What Documents are Needed to File for Divorce in NJ?

Divorce in NJ

Proper Paperwork for Filing for Divorce in NJ

When filing for a divorce, the paperwork can be a challenge. For example, what documents are needed to file for divorce in NJ? It can take a lot of work to keep track of, as can knowing what purpose they serve and who they should be sent to.

The Legal Services of New Jersey (LSNJ) self-help guide and other publicly available information can help. However, when you want the work to be done right, our experienced attorneys at [MFR] Men’s & Fathers’ Rights Divorce Lawyers can help.

With our assistance, you can avoid common errors and save time by not having to fix and resubmit documents to the court.

When is Filing for Divorce Allowed in New Jersey?

In New Jersey, if you are 18 or older, married, and a state resident, you can file for a divorce from your spouse.

Where you file for divorce is important; you can file in the county where you live, where your spouse lives if separated, or, in some cases, file with the state instead of filing with the county.

Tip: There are reasons when choosing a location, so always speak with an attorney.

New Jersey Divorce Forms

The forms you will need to file with the court include:

  • The Complaint for Divorce: This states the grounds for the divorce. You can cite various reasons for divorce in your complaint, such as no-fault and at-fault divorce. A no-fault divorce is based on irreconcilable differences between you and your spouse. An at-fault divorce bases the divorce request on grounds such as separation of at least 18 months, adultery, extreme degrees of cruelty, one spouse being incarcerated, and other such causes.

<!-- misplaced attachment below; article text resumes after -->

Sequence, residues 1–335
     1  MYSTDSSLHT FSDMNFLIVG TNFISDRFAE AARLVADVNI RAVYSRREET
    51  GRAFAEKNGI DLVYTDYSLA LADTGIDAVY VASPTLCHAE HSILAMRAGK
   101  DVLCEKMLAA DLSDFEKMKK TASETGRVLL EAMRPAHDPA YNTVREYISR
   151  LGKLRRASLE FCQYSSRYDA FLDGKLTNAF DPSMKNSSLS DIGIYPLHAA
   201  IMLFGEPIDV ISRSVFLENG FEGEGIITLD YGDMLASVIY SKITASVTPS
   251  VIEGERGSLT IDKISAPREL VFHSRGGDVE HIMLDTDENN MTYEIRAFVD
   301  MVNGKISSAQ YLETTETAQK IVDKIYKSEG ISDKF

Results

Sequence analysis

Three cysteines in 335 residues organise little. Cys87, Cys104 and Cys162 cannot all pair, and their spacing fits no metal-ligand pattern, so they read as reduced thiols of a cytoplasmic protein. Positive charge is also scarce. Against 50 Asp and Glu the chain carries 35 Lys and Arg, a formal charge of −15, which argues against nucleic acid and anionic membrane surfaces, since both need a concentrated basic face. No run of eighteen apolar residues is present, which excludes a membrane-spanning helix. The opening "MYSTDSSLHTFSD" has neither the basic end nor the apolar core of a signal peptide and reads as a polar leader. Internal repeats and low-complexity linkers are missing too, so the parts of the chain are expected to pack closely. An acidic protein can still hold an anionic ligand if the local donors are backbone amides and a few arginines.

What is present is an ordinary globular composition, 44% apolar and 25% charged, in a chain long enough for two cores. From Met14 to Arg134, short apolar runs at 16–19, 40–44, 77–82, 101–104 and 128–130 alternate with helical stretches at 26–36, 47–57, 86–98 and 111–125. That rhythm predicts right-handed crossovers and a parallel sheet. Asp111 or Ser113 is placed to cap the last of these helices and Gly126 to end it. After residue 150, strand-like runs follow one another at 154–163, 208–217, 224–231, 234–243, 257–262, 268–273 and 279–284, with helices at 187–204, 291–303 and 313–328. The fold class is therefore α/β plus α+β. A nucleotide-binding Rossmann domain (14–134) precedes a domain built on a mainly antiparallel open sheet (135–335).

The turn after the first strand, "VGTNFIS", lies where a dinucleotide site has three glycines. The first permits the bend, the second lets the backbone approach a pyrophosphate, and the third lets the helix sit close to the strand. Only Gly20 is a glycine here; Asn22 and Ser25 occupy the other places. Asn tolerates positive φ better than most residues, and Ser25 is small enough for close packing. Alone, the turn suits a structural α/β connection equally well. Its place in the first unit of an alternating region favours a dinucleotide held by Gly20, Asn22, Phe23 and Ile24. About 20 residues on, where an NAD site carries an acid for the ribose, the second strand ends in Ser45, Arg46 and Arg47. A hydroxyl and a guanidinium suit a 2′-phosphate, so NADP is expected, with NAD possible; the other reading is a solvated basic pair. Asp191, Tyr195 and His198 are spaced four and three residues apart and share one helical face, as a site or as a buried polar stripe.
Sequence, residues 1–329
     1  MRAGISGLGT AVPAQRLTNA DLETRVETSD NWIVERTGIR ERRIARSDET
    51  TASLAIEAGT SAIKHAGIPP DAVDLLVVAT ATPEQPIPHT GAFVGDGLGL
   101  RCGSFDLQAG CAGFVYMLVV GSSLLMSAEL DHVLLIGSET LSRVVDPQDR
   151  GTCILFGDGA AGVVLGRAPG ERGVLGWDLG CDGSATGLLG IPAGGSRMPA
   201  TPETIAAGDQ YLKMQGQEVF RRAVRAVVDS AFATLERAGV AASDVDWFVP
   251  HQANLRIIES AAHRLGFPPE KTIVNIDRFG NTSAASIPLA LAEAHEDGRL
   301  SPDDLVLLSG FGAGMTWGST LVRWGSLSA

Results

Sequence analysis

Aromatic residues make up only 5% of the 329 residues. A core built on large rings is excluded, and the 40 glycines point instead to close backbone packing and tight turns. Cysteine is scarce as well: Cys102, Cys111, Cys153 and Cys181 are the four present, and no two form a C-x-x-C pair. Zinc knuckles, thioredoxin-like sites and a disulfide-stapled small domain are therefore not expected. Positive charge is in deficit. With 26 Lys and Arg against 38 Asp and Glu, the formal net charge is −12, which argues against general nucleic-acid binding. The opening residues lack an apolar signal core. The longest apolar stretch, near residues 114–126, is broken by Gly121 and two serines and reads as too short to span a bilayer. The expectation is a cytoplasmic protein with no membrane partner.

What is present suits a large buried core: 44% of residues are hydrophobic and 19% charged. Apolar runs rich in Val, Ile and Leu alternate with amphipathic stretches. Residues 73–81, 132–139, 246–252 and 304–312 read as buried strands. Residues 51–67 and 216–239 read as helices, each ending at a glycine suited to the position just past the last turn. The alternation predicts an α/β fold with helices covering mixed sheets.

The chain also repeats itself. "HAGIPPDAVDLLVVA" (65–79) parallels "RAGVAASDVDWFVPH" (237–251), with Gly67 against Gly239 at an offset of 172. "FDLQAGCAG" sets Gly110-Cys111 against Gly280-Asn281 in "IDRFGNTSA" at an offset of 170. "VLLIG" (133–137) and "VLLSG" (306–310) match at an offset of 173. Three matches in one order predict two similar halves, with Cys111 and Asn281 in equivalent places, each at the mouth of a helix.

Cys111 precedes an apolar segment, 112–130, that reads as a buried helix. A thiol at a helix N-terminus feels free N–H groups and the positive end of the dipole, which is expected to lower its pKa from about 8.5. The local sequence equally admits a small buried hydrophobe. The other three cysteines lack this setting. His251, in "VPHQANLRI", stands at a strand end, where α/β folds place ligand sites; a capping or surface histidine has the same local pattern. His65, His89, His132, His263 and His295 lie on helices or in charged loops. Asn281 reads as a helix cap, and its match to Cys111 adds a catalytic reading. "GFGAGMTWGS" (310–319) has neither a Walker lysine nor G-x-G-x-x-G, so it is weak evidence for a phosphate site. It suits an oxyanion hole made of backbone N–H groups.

• The Certification of Verification and Non-Collusion: This form states that you’re filing your divorce complaint in good faith; there are no further pending proceedings; and all reported information is true to your knowledge. Note that if you have other pending proceedings related to your marriage, these must be disclosed.
  • The Summons and Proof of Service: This informs your spouse that a formal request has been filed, and divorce proceedings have begun.
  • The Certification of Insurance Coverage: This list provides any active insurance policies you have during your divorce, such as auto, renters, life, and others. Information can be provided later if unavailable at the time of filing. If you need to research your policies or provide further clarifying information, you can provide it to your attorney once you have it.
  • The Certification of Notification of Complementary Dispute Resolution Alternatives: For this document, the process is to read it, fill it out, and sign it. This form will then be sent to your spouse with all other documents.
  • The Family Part Case Information Statement: In cases involving child custody, child support, alimony, or equitable distribution of assets, this form will be required but does not need to be filed at the same time as your divorce complaint. This document goes over finances and income in great detail.